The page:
Your Inspirations Welcomes Laird Scranton
Posted April 16, 2012on:
I had the pleasure of making Laird’s acquaintance almost two years ago now through our local Atheist and Agnostics Group. At that time, I just knew he was an amazingly friendly guy, that his wife was amazingly patient with my son (who wanted to regale her with story upon story from books he loved), and that the conversation (which was very hard to follow in the crowd) often touched on ancient civilizations and science, both topics that enthrall me.
I asked Laird if he would write a piece on the sort of things that inspire him. As you can imagine by his diverse interests, he savors the world, but I’ll let him explain how in his own words. Without further ado, please welcome Laird Scranton to Your Inspirations:
For me, inspiration – the spark that breathes life into an idea – is something that comes much more easily when I surround myself with interesting people, situations, activities, and ideas. As with most things, the more immersed I am in an active exchange of interesting ideas, the easier it seems to be for me to come up with an interesting one of my own.
I often feel that inspiration can be triggered by little things, like some incidental thought that may cross my mind during the day, a simple phrase that I casually overhear, or the unexpected answer someone gives to a question I have asked.
Situations that offer changes in perspective also seem to help promote the processes of inspiration, and so I like brain teasers, optical illusions, mysteries, puns, and a funny new joke. I really appreciate being around children, in part because they are often not as practiced at seeing the world in the same old predefined ways.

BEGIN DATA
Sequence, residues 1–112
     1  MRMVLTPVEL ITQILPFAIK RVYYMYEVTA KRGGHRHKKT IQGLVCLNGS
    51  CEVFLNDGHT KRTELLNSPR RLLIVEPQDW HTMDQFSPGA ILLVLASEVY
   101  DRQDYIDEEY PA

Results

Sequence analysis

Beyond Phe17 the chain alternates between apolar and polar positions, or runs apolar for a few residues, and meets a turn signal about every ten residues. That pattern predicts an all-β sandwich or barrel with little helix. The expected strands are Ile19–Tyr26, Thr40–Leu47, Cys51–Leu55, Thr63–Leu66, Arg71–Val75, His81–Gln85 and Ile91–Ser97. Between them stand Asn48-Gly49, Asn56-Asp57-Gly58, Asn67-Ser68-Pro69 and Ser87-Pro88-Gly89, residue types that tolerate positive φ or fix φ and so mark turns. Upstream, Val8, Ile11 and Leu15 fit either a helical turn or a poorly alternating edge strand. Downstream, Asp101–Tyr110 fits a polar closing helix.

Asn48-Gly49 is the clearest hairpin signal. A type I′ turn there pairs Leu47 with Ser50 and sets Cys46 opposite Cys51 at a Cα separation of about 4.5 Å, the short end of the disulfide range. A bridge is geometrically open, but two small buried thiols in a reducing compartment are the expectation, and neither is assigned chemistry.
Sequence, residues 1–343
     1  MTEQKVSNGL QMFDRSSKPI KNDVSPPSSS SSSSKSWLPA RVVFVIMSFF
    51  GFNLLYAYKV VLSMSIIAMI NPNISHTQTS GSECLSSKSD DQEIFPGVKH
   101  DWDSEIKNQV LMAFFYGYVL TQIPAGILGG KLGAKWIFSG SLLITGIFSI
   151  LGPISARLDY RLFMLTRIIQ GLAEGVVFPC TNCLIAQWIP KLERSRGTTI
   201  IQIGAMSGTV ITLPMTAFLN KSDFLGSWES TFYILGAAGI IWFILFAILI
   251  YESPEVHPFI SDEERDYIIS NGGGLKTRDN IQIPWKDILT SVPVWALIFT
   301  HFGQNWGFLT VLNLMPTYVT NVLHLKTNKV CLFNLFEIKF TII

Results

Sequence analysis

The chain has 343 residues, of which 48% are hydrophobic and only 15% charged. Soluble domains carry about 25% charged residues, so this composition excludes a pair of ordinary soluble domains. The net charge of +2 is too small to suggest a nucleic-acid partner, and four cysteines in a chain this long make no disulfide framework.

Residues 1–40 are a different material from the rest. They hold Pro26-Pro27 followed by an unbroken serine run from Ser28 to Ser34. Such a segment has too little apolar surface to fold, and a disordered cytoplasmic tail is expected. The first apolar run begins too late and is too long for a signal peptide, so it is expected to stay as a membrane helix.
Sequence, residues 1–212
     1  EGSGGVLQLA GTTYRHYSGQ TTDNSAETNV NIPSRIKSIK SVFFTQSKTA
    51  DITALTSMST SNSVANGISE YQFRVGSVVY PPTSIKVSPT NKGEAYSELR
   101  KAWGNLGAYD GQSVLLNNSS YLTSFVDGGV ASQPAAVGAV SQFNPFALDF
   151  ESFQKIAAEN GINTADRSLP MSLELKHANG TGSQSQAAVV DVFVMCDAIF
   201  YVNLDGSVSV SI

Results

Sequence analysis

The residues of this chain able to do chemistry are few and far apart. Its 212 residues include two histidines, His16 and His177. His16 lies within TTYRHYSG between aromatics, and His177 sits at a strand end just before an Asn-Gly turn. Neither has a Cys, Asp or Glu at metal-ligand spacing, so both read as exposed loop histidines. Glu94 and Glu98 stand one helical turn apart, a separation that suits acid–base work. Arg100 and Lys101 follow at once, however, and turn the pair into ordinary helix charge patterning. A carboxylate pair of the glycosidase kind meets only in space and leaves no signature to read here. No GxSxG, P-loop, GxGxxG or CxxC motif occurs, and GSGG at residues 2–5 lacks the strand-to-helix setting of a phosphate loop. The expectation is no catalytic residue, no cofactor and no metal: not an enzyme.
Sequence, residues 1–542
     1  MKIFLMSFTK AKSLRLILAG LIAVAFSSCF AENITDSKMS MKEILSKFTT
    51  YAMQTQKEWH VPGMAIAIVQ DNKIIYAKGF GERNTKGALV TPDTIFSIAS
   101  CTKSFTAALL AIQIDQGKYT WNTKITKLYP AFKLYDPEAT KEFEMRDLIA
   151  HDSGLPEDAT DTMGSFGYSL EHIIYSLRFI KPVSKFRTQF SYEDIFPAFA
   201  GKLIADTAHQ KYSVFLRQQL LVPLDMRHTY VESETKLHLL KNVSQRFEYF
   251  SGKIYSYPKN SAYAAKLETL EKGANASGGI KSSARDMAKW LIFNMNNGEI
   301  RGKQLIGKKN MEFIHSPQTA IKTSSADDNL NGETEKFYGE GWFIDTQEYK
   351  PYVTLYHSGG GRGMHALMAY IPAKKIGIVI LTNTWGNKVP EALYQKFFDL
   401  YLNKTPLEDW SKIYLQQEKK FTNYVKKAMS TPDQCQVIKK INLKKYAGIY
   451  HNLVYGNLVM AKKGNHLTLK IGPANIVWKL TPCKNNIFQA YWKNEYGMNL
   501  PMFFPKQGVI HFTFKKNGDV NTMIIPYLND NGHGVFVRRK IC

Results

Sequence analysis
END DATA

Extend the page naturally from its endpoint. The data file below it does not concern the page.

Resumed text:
Sometimes I even think to do things to change my own perspective. For example, try saying the same word over and over again so many times that you effectively disconnect the sound from the meaning.
At times I find inspiration in simple everyday mistakes. I have a friend who once briefly failed to recognize the word “fruit” because his mind somehow interpreted the letters as “fru –it”. My wife Risa recalls a time when her brother couldn’t remember whether the word “of” should be spelled OV or UV.
When I was in middle school, I became aware that I often found humor in things that almost no one else around me thought were funny. That still happens – just ask my wife.
I make an effort to pay close attention to my dreams, since I’ve often seen important thoughts play out in them. My dreams are sometimes set in unusual locales that can reappear again and again, and which I have learned to navigate with complete familiarity. I recently discovered one of these locales to be a neighborhood I actually lived in when I was only two years old, even though I had no conscious recollection of it.
Finally, as the word implies, I know that inspiration really should be as easy and natural as breathing in and out. The trick may be to simply pay close attention while you’re busy breathing.
A software designer by trade, Laird Scranton enjoys exploring the intersection of history, mythology, and science. His curiosity has inspired to write four books to date on topics that range from the analysis of the oral and symbolic teachings of the Dogan people in Mali to a reassessment of the Young Venus theory proposed by Immanuel Velikovsky . He has published articles through various universities, including Colgate and Temple. He has a degree in English from Vassar College. He lives in Albany, NY.
For further information on Laird’s writing, please check these links:
- A wonderful interview (and video of related information) on Boing Boing
- Synopses of Laird’s books
- Exogeny Network: Laird Scranton (some enjoyable video clips)